Chief of Thoracic Surgery David Jones, who specializes in treating people with cancer of the lung, esophagus, and pleural lining, discusses the speed and quality of our care.
Thoracic surgeon James Huang discusses how minimally invasive, video-assisted, and robotic surgical techniques improve the treatment of patients with lung, esophageal, and thyroid cancers.
Chief of the Thoracic Service Valerie Rusch – one of the first women to be board certified in this subspecialty – discusses the multidisciplinary care plan that is developed for each patient by a specialized team of physicians at Memorial Sloan Kettering.
The goal of surgery for lung cancer is to remove all of the cancer. Your MSK surgeon’s top priority is to keep you safe and make sure you have a good quality of life after the procedure.
Successful surgery requires removing the portion of the lung containing the cancer and the adjacent lymph nodes (also called lymph glands). Lymph nodes in the chest trap cancer cells as they leave the lungs and are frequently the first site to which lung cancer spreads.
How much of the lung is removed depends on many factors, including the size and location of the tumor, whether the cancer has been found in the surrounding lymph nodes, and your overall health and strength (particularly your lung and heart function).
As a surgical patient at MSK, you will be cared for by one of the most experienced lung cancer teams in the United States. Our surgeons perform more than 1,200 lung cancer operations each year, and our patients have among the lowest complication rates after surgery in the country.
Our surgeons offer lung-sparing surgery to remove the cancer and preserve remaining lung tissue whenever possible. We also recommend less-invasive techniques whenever we can, including something called thoracoscopy, which can allow you to recover more quickly than traditional open surgery.
How much tissue our surgeons need to remove will depend on the type of lung cancer you have and how far it has advanced.
If you have non-small cell lung cancer that has not spread beyond one lung, surgery to remove the tumor completely provides the best chance for a cure. Lobectomy is the most common type of operation for people with this kind of lung cancer. People with early-stage non-small cell lung cancer who are not candidates for surgery are typically treated with stereotactic body radiation therapy, a treatment that offers excellent long-term chances to eliminate small lung lesions.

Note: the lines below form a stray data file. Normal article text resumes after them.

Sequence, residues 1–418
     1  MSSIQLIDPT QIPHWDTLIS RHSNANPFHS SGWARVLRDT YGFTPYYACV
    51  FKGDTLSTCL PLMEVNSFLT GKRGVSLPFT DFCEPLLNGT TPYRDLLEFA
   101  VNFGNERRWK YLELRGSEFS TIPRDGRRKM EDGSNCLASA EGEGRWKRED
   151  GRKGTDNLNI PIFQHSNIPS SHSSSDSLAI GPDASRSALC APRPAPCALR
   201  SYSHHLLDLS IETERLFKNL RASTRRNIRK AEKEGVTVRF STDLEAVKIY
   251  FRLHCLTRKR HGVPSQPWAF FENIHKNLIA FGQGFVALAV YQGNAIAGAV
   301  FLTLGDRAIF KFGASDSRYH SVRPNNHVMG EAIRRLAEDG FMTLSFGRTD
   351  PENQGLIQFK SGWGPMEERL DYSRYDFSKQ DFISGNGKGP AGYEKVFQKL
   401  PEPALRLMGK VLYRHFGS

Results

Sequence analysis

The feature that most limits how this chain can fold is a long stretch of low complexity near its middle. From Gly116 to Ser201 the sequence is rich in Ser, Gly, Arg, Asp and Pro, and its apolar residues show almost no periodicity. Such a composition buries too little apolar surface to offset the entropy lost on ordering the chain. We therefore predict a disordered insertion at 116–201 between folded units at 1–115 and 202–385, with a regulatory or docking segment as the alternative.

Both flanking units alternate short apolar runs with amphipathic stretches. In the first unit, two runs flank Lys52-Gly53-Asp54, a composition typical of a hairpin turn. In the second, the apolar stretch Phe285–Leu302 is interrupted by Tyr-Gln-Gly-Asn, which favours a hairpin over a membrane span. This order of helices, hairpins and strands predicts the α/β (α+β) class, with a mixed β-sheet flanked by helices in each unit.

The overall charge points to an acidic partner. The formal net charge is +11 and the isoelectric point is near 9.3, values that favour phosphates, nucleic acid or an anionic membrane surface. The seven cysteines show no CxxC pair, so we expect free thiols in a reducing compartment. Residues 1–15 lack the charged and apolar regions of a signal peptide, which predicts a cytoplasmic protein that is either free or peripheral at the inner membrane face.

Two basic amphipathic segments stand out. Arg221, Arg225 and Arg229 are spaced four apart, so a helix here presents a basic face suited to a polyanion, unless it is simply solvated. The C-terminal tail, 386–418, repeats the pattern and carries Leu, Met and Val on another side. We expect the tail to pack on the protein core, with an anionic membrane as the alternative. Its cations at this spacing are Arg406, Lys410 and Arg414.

If you have advanced non-small cell lung cancer that has spread to your lymph nodes but is still confined to your chest, and you cannot be treated surgically either because of your tumor’s location or because of your health, we may recommend radiation therapy. It’s ideally given with chemotherapy either at the same time or before or after radiation therapy.
Surgery is rarely part of the treatment plan for small cell lung cancer because the disease tends to spread quickly and responds well to chemotherapy and radiation therapy. In certain cases, however, particularly if the cancer is identified at an early stage, surgery to remove small cell tumors can be an option. MSK surgeons are skilled in removing small tumors, including those that are located near the exterior of the lung and those that have not spread beyond the lung.
Patients who are able to have surgery for small cell lung cancer typically receive adjuvant chemotherapy (chemotherapy given after surgery). This approach has been shown to improve cure rates when compared with surgery alone.
Common Types of Lung Cancer Surgery
MSK lung cancer physicians include thoracic surgeons, medical oncologists, radiation oncologists, radiologists, and pathologists.
These surgical procedures are commonly used to treat lung cancer. Which operation is performed depends on how large the tumor is and where it has spread within the lungs.
Sublobar operations include surgery to remove parts of the lung within one of the lobes. (There are three lobes in the right lung and two in the left lung.) This approach may involve removing a small section of the lung (called wedge resection), or removing one or more anatomic sections within a lobe (called segmentectomy). These operations are performed either when the tumor is very small or when a larger lung removal would be too physically stressful for the patient.
A lobectomy is the removal of a complete lobe of the lung. (There are three lobes in the right lung and two in the left lung.) This is the most common operation performed for non-small cell lung cancer and is the best treatment for an isolated lung cancer in an otherwise healthy patient.
A bilobectomy involves the removal of two lobes of the right lung (the upper and middle lobes or the middle and lower lobes).
A pneumonectomy is the removal of an entire lung. It is performed when the cancer is located in the center of the lung and cannot be removed using a more localized operation. A pneumonectomy is only performed in patients who have good lung function and could recover and live without the need for supplemental oxygen. Fortunately, our surgeons rarely need to perform a pneumonectomy to remove lung cancer.